- a father or forefather.
- a person of importance or in a position of authority, as a lord.
verb (used with object), sired, sir·ing.
Origin of sire
Examples from the Web for sire
Sire, I have been guilty of a great fault; nay, more than a great fault, a great crime.Ten Years Later|Alexandre Dumas, Pere
Sire, his offence—if offence it be— arose from the affection he bears me, and from no worse cause.The Blue Pavilions|Sir Arthur Thomas Quiller-Couch
"But she is not on the floor above us, sire; she is upon the same floor as we are," insisted the old man, hesitating.The Mad King|Edgar Rice Burroughs
Sire, you have not behaved towards me as a gentleman should.The Queen's Necklace|Alexandre Dumas pre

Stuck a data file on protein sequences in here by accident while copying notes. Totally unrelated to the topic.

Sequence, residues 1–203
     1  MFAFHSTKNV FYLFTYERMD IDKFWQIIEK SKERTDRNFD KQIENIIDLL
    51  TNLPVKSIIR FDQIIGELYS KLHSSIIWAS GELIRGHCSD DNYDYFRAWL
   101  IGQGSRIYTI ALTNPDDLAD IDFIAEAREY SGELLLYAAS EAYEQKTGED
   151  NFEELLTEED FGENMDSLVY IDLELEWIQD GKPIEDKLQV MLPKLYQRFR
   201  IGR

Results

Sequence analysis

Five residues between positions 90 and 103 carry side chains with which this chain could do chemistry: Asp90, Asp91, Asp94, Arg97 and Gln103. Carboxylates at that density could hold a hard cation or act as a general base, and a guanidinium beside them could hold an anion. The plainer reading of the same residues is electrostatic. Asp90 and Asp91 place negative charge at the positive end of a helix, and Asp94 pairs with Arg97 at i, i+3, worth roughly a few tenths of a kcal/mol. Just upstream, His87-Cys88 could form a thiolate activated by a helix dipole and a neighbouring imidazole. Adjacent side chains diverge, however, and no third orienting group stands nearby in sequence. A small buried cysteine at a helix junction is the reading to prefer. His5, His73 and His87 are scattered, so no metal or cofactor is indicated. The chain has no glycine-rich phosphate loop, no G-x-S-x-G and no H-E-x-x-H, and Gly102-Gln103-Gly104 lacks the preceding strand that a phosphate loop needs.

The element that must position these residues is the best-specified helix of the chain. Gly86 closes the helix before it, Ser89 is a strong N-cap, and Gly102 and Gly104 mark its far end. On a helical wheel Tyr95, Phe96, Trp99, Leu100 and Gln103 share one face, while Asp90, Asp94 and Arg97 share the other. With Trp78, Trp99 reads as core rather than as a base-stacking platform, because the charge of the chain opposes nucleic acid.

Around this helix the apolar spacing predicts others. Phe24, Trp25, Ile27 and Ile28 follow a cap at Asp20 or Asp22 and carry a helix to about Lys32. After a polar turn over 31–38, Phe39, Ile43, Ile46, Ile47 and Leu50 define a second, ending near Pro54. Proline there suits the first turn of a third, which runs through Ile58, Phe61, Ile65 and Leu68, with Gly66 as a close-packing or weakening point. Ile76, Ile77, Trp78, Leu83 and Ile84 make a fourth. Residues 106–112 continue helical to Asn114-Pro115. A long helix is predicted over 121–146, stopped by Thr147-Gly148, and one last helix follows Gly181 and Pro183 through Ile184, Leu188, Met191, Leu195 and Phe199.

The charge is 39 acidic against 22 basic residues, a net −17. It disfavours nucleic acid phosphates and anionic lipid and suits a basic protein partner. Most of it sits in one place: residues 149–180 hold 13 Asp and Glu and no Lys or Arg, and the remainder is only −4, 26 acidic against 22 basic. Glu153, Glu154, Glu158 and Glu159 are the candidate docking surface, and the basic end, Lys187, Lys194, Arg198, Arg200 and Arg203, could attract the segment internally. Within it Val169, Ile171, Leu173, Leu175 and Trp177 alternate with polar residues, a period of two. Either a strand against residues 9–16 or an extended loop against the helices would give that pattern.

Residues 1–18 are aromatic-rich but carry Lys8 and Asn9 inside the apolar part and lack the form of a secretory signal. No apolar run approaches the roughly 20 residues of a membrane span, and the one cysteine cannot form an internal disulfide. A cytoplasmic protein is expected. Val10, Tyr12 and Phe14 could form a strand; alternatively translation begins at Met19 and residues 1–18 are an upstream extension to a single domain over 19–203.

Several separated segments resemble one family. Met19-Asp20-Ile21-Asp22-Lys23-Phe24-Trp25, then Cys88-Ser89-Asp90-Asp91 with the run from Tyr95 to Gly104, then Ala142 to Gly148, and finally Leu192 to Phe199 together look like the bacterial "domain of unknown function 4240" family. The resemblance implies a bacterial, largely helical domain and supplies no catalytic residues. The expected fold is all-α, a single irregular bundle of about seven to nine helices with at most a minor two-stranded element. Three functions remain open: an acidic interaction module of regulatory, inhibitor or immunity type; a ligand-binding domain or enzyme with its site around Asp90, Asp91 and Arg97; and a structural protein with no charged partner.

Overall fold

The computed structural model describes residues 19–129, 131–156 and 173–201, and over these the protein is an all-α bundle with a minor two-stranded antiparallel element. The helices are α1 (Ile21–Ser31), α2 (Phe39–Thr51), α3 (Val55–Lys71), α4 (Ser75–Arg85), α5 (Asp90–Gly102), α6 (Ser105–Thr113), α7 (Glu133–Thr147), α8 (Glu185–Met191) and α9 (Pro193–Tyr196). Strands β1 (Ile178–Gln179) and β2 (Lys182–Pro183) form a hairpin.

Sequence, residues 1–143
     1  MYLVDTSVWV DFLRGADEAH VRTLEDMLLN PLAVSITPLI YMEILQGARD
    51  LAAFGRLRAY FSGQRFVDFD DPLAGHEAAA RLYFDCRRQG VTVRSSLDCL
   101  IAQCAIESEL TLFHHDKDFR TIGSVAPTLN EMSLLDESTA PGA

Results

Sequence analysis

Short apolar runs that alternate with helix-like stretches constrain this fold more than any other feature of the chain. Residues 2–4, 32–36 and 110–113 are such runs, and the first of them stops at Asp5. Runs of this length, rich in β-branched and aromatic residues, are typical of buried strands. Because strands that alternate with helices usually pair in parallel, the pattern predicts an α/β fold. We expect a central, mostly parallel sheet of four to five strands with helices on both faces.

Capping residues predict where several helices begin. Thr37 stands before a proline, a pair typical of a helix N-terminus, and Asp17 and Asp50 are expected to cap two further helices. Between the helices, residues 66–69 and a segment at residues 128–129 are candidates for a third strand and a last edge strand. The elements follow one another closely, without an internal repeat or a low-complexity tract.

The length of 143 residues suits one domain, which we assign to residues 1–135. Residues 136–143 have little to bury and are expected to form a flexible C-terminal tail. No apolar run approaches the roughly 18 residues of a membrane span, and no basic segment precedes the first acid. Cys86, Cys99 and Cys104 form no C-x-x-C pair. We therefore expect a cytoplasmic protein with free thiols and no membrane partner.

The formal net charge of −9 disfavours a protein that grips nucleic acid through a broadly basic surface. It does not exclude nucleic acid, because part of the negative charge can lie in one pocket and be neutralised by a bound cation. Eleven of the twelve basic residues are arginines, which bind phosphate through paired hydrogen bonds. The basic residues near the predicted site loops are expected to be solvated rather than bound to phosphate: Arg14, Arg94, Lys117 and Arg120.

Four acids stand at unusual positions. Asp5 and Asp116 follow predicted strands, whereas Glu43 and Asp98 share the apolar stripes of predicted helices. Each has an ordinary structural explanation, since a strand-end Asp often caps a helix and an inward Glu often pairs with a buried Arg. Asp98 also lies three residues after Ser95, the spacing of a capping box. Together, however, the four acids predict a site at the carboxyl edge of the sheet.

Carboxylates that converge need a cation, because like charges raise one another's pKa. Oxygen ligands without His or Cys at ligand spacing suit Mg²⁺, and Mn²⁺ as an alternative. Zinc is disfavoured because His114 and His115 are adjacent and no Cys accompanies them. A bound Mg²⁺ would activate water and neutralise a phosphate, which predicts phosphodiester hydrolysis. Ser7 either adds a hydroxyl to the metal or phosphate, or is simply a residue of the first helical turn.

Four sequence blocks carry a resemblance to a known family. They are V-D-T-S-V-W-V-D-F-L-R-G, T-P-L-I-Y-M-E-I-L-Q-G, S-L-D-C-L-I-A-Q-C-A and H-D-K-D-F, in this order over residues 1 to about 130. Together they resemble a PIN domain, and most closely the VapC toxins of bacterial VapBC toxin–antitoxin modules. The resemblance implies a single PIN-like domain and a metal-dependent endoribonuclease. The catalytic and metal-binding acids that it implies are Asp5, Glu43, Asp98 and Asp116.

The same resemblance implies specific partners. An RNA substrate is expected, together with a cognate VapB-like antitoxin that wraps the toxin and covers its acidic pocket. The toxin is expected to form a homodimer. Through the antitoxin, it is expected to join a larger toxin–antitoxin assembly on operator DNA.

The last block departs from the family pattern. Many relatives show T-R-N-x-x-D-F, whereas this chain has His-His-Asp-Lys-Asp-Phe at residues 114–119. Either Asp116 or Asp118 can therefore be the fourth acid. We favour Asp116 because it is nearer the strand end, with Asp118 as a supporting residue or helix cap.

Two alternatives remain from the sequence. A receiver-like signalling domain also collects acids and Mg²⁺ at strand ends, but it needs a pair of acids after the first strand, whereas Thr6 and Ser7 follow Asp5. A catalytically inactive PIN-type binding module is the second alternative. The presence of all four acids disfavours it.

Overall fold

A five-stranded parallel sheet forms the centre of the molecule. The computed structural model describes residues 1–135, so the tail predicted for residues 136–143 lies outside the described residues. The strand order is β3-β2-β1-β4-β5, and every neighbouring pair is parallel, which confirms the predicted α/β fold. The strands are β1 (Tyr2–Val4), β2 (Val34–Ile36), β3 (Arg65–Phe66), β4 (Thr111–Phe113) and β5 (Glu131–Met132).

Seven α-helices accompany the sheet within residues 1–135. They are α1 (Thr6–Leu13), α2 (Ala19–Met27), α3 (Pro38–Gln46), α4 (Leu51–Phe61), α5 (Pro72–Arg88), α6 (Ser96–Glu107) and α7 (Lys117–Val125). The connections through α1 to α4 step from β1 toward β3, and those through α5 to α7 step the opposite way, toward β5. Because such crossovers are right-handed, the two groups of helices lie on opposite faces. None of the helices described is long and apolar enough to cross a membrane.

Sire, I am a few hours behindhand, but I hope to be forgiven when your Majesty hears the reasons for the delay.The Royal Life Guard|Alexander Dumas (pere)
Word Origin for sire
c.1200, title placed before a name and denoting knighthood, from Old French sire "lord (appellation), sire, my lord," from Vulgar Latin *seior, from Latin senior "older, elder" (see senior (adj.)). Standing alone and meaning "your majesty" it is attested from early 13c. General sense of "important elderly man" is from mid-14c.; that of "father, male parent" is from mid-13c.
"to beget, to be the sire of," 1610s, from sire (n.). Used chiefly of beasts, especially of stallions. Related: Sired; siring.